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What is APR and how can I compare pricing?
What is APR and how can I compare pricing?

Whilst APR can be helpful, it can also be confusing. Here's our quick guide to how it works

Written by Mo Mirza
Updated over a week ago

You may have noticed that we display a representative APR on our homepage. We calculate representative APR in line with the standard, legally required definition but it can be tricky to understand how this actually relates to the amount you pay.

What is an APR?

APR or “annual percentage rate” is a standard measure of pricing that can be calculated for any type of loan, mortgage or credit card. Every lender has to use the same definition so it’s designed to help you to compare pricing.

The APR is calculated as the total interest rate that you would be charged if you borrowed the full loan amount, kept the funds for a whole year and then paid back everything at the end of the year.

How does the APR compare to the total cost of credit?

Whilst APR can be useful, it generally doesn’t reflect the actual cost of borrowing because:

  • You normally pay back loans in monthly instalments, rather than paying back the full loan amount and interest at the end of the term.

  • You're unlikely to keep the funds for exactly a year, either because your scheduled loan term is different or because you choose to repay early.

When comparing iwoca to other providers compare the total cost of borrowing based on how you plan to use the funds, not just the APR.

What is a representative rate?

“Representative” means that at least 51% of new customers are expected to get approved for this rate or better. In other words, if you see “representative” you know the lender is not just showing you a rate that’s only available to their very best customers.

Note that the representative rate published on our homepage is for businesses that get approved for £25,000 or under, in line with regulatory requirements. You can see a full breakdown of how our representative APR varies with loan size at the bottom of our pricing page.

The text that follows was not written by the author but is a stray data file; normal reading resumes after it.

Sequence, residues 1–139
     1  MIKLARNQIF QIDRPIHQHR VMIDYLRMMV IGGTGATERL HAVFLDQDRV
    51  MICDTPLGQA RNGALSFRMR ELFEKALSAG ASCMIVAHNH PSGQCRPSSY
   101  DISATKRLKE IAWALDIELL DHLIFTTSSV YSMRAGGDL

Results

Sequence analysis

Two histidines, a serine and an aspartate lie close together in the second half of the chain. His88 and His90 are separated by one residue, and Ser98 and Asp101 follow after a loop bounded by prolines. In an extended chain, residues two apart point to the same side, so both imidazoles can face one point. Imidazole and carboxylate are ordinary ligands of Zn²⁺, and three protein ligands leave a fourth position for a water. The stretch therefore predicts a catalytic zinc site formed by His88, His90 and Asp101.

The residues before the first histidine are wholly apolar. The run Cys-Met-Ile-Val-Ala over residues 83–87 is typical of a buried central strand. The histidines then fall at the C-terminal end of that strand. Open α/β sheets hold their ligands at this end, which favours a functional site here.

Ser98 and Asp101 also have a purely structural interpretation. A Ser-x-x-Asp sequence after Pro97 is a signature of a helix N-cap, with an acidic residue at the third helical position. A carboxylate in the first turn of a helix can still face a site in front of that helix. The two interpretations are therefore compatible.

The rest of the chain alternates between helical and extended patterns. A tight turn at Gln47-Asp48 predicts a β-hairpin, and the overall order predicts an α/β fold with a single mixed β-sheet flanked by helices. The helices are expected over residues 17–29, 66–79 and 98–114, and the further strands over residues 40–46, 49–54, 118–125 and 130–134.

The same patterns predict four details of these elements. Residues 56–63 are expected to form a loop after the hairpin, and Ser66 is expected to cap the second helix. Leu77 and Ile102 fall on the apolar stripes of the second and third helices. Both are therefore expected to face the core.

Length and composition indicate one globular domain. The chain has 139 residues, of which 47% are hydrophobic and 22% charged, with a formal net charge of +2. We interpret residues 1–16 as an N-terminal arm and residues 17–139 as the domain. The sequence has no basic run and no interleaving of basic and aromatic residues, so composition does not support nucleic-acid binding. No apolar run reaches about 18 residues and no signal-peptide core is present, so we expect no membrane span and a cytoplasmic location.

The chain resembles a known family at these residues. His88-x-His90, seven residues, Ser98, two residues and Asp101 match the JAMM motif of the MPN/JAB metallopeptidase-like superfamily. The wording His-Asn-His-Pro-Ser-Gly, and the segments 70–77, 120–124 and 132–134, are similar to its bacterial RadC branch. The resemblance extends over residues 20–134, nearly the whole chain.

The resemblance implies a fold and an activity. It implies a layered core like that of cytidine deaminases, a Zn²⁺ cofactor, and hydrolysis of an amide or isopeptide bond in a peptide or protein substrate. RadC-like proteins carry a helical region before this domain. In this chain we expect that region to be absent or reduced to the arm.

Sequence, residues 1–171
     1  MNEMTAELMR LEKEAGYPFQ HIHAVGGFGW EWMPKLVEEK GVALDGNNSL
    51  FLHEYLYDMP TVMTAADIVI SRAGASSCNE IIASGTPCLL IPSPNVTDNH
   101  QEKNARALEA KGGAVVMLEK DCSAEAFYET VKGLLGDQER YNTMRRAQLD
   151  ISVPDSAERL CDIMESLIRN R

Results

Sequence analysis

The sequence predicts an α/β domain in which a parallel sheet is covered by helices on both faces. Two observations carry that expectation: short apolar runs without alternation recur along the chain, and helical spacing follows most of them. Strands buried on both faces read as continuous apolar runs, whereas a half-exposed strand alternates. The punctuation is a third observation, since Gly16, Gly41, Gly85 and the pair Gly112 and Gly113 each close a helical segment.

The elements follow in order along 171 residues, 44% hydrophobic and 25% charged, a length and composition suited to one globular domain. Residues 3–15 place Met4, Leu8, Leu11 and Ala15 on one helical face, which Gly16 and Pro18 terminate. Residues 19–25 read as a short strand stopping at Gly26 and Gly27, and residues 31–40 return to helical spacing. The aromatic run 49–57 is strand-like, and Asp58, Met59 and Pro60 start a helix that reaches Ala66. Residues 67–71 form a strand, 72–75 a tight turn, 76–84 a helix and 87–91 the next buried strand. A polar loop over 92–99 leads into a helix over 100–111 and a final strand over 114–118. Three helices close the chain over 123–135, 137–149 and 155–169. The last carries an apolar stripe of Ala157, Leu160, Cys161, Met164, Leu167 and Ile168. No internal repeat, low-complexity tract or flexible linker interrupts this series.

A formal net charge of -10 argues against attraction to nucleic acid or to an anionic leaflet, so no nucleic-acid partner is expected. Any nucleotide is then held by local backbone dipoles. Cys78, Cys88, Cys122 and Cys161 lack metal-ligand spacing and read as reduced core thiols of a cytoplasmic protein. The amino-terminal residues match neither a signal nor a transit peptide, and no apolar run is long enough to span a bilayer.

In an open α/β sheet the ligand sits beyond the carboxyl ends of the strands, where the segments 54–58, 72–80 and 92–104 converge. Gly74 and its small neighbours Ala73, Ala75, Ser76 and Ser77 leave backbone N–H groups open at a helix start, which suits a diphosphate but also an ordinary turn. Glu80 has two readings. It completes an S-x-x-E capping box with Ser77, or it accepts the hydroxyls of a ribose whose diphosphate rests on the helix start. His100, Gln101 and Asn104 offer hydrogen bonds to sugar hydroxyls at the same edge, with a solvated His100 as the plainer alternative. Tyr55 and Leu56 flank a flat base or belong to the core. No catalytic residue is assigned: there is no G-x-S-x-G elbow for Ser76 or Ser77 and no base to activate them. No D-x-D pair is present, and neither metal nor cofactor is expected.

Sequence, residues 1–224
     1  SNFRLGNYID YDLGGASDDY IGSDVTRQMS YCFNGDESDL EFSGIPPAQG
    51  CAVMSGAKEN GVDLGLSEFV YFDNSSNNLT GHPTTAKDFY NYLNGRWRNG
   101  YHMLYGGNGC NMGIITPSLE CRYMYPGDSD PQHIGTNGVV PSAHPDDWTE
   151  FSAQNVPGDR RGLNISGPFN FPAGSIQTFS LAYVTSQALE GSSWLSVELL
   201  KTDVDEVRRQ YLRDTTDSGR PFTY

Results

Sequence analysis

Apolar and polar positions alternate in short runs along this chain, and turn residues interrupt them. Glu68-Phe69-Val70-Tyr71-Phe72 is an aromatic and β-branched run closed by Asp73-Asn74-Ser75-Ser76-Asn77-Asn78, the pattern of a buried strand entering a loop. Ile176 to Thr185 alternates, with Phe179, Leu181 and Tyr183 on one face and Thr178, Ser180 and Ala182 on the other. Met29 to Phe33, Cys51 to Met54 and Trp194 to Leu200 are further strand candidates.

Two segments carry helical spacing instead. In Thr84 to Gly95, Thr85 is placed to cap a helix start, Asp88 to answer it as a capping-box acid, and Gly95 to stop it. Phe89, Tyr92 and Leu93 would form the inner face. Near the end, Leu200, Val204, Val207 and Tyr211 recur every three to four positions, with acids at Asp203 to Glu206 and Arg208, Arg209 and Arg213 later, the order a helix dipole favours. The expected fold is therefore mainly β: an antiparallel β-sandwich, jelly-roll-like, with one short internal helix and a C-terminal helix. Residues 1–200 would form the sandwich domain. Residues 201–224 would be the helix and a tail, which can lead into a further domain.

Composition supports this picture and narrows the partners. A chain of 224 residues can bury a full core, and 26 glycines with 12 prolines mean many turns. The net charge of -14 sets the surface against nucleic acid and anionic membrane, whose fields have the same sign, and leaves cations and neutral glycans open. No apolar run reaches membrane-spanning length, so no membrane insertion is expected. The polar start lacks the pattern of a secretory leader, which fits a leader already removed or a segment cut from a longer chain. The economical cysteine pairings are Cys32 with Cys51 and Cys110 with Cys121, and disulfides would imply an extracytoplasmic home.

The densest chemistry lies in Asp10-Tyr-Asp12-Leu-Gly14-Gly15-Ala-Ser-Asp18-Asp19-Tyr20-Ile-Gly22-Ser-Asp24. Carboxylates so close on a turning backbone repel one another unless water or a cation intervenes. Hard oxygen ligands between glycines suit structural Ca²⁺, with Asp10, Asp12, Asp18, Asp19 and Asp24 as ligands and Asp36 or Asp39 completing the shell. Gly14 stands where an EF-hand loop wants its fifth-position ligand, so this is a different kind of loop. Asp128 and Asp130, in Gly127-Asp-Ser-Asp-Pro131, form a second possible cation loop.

What does this mean in practice?

Here’s an example of how the total cost of credit might compare to the APR for a typical iwoca customer:

  • Assume a customer borrows £10,000 at a 3.33% per month interest rate, corresponding to our 49% representative APR

  • Each month, they’re required to pay off at least their accrued interest and  1/12 of their original loan amount

  • If they just make their minimum repayments, after 12 months they will have paid off their loan. They will have paid  a total of £2,165 in interest or 21.65% of their original loan

  • However, they might actually decide to repay early which would reduce the cost further. For instance, if they repay the full amount after one month they will only pay £333 in interest or 3.33% of the original loan

As you can see, in both scenarios, the total cost of the loan is much lower than the 49% representative APR might suggest. Use our interactive calculator to see how much iwoca is likely to cost in practice, based on your amount, rate and duration.

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